Catalyst states that companies with higher levels of gender diversity and with HR policies and practices that focus on gender diversity are linked to lower levels of employee turnover. This may be particularly true because employees who feel valued and accepted are much more likely to stick around in the long run. The ERGs provide a support system for those who may have felt previously excluded. Communities are created, which promote a much happier workplace. Ultimately, this will benefit the organization by improving employee retention and reducing turnover.
Another well-known company that has input a variety of successful ERGs is Netflix. Their employees have an almost equal ratio of male and female employees, while striving to include many ethnicities and races. Some of Netflix’s unique ERGs include a Mental Health group, Salam Netflix and Trans at Netflix. You can utilize some of these ideas to your advantage when starting an employee resource group of your own.
Establishing an ERG at Your Organization
Step 1. Figure Out Your Mission
First you need to decide what you are looking to accomplish with your ERG. You may decide that you want to form a community based on your cultural background. Or you may want to create a group based on circumstances, such as being a parent. Regardless of the reason, your personal goals for the group should align with the company’s mission as well. Maybe the organization is looking to attract more of the Asian community. Or perhaps the organization is already comprised of mostly middle-aged staff, so they could be looking to attract younger applicants. Figure out what is needed in the organization and create a meaningful mission statement based around that.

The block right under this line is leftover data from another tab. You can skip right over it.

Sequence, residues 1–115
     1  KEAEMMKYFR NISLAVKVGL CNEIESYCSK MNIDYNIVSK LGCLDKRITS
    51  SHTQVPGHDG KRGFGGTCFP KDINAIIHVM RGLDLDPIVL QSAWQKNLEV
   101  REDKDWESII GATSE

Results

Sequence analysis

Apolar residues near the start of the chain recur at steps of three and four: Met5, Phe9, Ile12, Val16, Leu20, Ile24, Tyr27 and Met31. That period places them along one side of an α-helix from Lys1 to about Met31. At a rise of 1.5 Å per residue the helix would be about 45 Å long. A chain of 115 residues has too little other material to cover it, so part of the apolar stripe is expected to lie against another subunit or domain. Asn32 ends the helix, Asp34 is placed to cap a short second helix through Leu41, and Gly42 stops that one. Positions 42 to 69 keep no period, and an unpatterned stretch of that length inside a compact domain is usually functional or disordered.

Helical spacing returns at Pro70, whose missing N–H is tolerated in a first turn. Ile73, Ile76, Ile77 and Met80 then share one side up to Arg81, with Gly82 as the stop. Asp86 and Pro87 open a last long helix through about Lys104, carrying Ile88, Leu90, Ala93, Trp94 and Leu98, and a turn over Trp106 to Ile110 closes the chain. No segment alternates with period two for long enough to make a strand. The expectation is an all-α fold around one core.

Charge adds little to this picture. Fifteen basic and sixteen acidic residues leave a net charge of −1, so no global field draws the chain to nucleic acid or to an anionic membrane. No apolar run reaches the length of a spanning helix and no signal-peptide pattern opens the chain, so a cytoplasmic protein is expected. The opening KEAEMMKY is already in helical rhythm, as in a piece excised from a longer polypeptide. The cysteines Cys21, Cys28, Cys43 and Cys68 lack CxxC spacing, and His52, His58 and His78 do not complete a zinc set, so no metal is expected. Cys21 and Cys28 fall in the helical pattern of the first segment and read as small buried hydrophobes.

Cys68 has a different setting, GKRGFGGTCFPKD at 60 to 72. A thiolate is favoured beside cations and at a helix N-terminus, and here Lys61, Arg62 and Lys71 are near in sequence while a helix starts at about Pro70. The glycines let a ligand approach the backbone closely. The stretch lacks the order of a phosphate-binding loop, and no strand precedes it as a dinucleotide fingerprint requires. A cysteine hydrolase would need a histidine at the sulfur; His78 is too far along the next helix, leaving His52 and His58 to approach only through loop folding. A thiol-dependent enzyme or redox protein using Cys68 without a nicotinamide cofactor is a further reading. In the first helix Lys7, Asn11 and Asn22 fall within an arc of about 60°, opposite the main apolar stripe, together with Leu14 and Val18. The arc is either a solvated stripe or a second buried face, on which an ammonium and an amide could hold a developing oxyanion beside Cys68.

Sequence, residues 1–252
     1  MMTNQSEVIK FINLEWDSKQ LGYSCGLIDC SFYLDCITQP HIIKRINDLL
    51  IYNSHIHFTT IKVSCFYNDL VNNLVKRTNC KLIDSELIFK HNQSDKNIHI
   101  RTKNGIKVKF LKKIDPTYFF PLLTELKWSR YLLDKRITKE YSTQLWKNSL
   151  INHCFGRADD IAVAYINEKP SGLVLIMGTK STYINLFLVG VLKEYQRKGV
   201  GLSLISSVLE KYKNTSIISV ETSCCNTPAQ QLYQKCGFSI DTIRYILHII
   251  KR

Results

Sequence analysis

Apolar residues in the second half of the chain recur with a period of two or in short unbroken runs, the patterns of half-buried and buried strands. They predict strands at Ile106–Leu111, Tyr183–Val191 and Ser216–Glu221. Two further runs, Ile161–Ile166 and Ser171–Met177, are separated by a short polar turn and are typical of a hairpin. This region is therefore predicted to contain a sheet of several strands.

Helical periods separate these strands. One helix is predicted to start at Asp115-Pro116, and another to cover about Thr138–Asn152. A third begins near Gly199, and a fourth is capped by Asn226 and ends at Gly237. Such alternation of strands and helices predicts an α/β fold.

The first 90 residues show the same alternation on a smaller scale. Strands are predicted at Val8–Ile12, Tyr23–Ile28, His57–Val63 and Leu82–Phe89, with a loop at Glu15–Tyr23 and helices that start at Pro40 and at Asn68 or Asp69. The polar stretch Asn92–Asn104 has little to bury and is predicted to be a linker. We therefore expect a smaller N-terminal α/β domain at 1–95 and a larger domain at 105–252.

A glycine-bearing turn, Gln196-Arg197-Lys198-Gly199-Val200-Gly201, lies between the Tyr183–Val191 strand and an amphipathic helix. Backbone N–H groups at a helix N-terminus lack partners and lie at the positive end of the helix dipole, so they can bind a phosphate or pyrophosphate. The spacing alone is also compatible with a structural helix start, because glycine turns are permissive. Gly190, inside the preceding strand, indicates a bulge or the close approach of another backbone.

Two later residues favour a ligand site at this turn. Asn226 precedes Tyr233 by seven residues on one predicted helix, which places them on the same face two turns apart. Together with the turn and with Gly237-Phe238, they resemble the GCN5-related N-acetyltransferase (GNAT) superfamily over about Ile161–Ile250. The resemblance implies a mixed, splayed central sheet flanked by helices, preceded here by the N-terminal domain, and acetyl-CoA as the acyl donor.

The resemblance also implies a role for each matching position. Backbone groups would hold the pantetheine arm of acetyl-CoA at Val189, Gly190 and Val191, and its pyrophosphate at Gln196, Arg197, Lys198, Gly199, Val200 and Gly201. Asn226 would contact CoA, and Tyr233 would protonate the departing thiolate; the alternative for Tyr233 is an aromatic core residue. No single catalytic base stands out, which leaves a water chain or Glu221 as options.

Step 2. Form a Committed Group
Now you need to find other like-minded coworkers interested in joining the group. Try to look for coworkers that are equally as passionate as you. Believing in the cause of the ERG is important for its success. It’s important to hear from all members of the group. Give each person a chance to voice their own ideas and concerns. Realize that it may not happen overnight; you will probably be starting off small. Even if you work for a large company, the group may start small and gain momentum over time.
Step 3. Seek Support from a Trusted Leader
You should always check with your human resources department first. It can also be helpful to seek a leader to sponsor your ERG, although it’s not crucial for success. This sponsor doesn’t necessarily have to be of the same characteristics of those who formed the group. The idea is having the support of a senior executive within the organization. Your ERG will have a much higher chance of success with an enthusiastic leader standing behind it. You may also need funding from the company, especially if the group will be holding meetings. Figure out what is necessary for the success of the group and enlist in the help of a leader.
Step 4. Spread the Word
You have formed the initial group, but now you will want to spread the word to the rest of the workplace. If nobody knows about your group, you’re unlikely to attract new members.